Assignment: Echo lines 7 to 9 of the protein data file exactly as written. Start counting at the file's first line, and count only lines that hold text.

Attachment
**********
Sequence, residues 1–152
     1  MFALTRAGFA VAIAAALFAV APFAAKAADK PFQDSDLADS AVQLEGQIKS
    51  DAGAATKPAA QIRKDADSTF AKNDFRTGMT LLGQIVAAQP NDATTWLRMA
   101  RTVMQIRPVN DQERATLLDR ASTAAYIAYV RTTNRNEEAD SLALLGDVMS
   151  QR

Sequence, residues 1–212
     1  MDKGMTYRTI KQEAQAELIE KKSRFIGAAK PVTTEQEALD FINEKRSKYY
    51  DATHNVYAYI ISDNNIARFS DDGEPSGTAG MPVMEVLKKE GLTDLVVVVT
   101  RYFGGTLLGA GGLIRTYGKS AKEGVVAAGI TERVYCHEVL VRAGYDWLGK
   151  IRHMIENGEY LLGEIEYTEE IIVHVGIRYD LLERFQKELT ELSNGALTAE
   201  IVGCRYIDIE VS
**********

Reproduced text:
     1  MDKGMTYRTI KQEAQAELIE KKSRFIGAAK PVTTEQEALD FINEKRSKYY
    51  DATHNVYAYI ISDNNIARFS DDGEPSGTAG MPVMEVLKKE GLTDLVVVVT
   101  RYFGGTLLGA GGLIRTYGKS AKEGVVAAGI TERVYCHEVL VRAGYDWLGK